To ask the Minister for Industry and Commerce whether he is conversant with the extent of the privation being endured by large numbers of the working class population of Mallow and district as a consequence of a succession of trouble, viz.:—

1. The destruction of Cleeve's Factory, the Town Hall, and ten of the principal business houses by the Black and Tans on September 30th, 1920, followed by

2. The suppression of fairs and markets and the shutting down of motor garages,

3. The decline of tillage in the locality,

4. The dismissal of artizans and labourers hitherto employed about the military barracks but dismissed on transference to the Irish Government,

5. The recent destruction of the railway bridges, including the Blackwater Viaduct, and consequent stoppage of railway traffic?

Further, how many persons are registered as unemployed in Mallow, and how many others not registered are unemployed in Mallow, and whether those workers who lost their employment in consequence of the destruction of Cleeve's Factory have been deprived of unemployment benefit and are now practically starving?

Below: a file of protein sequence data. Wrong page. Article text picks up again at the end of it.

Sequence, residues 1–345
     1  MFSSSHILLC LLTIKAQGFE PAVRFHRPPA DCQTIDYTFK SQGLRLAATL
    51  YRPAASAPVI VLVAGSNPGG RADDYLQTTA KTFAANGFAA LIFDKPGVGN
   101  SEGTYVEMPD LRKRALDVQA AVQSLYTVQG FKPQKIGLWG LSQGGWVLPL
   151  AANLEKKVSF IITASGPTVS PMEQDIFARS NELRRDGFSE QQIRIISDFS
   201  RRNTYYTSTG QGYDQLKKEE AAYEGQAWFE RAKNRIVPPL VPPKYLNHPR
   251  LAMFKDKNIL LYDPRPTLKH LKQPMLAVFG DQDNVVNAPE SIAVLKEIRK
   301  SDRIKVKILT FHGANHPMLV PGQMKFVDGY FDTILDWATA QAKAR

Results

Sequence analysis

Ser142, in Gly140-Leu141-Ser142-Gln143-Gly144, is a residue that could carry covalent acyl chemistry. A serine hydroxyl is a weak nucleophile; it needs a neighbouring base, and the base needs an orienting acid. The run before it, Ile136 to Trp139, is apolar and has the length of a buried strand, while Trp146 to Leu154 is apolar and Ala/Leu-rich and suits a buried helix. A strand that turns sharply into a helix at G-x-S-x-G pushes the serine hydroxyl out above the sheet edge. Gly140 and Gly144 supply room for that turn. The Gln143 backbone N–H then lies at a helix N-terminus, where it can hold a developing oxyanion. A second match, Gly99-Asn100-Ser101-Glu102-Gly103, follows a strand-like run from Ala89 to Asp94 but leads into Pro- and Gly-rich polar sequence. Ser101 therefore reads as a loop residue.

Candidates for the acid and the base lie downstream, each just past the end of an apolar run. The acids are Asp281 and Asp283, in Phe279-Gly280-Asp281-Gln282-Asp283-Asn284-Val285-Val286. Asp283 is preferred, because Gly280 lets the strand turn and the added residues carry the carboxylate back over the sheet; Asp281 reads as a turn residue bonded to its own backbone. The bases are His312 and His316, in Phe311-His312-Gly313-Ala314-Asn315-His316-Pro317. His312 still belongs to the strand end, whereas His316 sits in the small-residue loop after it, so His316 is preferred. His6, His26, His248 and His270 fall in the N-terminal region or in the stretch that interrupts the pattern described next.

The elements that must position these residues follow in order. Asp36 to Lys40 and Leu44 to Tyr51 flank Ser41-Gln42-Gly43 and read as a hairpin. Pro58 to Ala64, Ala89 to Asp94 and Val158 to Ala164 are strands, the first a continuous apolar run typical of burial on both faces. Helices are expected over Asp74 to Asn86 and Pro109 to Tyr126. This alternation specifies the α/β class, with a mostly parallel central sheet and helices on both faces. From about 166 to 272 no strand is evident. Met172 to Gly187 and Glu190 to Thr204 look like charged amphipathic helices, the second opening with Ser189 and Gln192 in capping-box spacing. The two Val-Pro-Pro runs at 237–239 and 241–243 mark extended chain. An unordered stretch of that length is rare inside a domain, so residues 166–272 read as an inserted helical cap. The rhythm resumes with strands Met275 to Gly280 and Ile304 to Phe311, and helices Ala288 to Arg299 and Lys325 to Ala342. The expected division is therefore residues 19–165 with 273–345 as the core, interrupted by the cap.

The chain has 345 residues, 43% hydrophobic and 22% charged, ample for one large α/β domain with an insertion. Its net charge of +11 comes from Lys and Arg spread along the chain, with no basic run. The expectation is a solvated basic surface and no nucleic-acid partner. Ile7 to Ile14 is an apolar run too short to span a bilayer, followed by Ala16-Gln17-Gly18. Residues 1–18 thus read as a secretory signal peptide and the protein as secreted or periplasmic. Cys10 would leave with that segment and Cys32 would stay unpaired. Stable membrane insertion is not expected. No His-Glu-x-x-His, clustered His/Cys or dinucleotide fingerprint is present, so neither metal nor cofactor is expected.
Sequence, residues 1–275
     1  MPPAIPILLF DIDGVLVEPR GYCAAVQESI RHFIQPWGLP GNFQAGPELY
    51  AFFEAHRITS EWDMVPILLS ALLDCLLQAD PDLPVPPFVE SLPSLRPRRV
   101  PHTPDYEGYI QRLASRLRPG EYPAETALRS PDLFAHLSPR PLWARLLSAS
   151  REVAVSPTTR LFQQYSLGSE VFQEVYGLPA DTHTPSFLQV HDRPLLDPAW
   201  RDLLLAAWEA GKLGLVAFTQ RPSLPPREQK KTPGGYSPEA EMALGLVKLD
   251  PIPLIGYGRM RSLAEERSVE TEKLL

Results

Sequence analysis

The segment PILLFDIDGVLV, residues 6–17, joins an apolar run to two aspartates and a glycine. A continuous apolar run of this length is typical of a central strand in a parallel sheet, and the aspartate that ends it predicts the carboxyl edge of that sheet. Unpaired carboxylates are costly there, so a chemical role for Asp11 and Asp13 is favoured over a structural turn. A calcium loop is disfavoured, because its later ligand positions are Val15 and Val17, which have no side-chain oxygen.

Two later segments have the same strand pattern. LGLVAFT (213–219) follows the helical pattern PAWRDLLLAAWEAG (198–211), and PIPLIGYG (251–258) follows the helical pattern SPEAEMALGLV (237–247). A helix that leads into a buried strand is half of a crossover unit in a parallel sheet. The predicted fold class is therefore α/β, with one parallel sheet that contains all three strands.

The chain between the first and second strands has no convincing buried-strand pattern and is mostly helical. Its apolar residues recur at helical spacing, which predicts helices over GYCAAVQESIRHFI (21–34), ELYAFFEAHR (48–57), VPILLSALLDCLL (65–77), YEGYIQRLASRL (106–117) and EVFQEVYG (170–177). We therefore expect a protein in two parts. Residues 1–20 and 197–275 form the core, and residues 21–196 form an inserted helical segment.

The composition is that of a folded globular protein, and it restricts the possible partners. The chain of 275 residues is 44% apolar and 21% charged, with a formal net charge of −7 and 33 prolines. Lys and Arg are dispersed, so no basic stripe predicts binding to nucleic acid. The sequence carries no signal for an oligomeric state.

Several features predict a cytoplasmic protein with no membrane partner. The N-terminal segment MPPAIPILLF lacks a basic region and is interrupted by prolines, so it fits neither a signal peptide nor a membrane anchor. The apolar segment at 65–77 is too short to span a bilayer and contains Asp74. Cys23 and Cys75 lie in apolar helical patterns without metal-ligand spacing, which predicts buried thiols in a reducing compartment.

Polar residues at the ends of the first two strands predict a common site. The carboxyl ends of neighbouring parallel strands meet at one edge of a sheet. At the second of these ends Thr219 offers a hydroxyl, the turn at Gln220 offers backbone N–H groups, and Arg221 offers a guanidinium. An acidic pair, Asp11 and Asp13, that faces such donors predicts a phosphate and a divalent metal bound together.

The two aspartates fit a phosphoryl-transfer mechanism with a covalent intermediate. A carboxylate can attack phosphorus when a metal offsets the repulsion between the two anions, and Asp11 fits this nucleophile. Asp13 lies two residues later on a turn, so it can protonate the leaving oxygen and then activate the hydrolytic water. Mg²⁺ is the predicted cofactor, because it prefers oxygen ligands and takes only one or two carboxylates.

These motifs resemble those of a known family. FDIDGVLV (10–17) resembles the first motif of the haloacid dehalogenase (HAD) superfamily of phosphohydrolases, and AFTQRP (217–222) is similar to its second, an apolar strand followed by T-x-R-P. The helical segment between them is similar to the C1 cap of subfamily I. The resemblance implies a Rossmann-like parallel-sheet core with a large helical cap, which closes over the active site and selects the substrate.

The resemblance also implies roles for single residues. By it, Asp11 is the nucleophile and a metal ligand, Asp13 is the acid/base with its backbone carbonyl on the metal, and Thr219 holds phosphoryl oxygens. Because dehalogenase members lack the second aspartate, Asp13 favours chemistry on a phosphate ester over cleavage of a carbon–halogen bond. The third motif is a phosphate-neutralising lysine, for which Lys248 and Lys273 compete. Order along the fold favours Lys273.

It is the fact that considerable unemployment exists in Mallow and district, largely due to events such as those mentioned in the question. But all persons normally employed in the insured trades, who satisfy the conditions, are in receipt of unemployment benefit. On 2nd October, the latest date for which figures are available, 317 persons were registered for employment at Mallow. No statistics are available as to the number of unemployed persons who have not registered. The disqualification for unemployment benefit of any of Messrs. Cleeves' workers is due to their having lost their employment in circumstances which do not entitle them to benefit.


I understand some of these unemployed since 1920 were drawing the unemployment benefit up to four weeks ago, and that it has now been stopped.


I have a note here to the effect that, after being burned by the Black and Tans, Cleeves' Creamery was rebuilt by the firm, and the workers did not therefore lose employment by the burning, but because of subsequent strikes and the seizure of the factory. The Department has held that the loss of employment was due to a trade dispute, and consequently disallowed benefit.